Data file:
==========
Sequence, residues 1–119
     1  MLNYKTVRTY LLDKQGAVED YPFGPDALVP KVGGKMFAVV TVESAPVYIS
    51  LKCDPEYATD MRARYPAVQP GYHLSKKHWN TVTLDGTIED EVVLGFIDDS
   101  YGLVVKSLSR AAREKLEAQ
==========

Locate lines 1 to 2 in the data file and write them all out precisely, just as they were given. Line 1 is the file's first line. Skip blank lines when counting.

Sequence, residues 1–119
     1  MLNYKTVRTY LLDKQGAVED YPFGPDALVP KVGGKMFAVV TVESAPVYIS